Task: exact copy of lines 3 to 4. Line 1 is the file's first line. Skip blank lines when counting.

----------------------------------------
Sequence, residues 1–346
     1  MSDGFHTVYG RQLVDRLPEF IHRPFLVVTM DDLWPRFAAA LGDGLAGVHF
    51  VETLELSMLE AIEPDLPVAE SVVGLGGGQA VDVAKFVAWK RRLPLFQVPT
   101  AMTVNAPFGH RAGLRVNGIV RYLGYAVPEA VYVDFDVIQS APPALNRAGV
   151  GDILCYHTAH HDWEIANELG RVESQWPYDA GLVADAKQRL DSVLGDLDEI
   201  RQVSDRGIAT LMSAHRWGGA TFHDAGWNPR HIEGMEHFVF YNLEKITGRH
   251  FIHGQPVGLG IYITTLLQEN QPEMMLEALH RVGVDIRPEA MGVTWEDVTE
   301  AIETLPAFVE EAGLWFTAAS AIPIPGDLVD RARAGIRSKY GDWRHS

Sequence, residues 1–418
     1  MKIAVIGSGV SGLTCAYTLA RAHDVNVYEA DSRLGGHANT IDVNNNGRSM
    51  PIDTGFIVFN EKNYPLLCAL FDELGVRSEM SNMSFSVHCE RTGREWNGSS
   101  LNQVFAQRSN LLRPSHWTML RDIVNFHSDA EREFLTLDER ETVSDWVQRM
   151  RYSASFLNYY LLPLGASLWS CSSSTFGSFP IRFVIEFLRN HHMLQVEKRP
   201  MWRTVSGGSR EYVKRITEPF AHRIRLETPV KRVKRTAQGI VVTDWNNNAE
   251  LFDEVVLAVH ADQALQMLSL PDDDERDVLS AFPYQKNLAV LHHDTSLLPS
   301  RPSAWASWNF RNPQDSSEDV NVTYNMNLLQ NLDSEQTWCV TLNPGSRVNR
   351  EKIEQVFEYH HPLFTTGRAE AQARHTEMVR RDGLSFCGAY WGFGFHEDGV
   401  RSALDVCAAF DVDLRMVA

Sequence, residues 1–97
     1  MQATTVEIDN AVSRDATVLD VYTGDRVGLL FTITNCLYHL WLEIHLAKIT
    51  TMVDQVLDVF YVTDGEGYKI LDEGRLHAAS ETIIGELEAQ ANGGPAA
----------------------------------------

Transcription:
    51  VETLELSMLE AIEPDLPVAE SVVGLGGGQA VDVAKFVAWK RRLPLFQVPT
   101  AMTVNAPFGH RAGLRVNGIV RYLGYAVPEA VYVDFDVIQS APPALNRAGV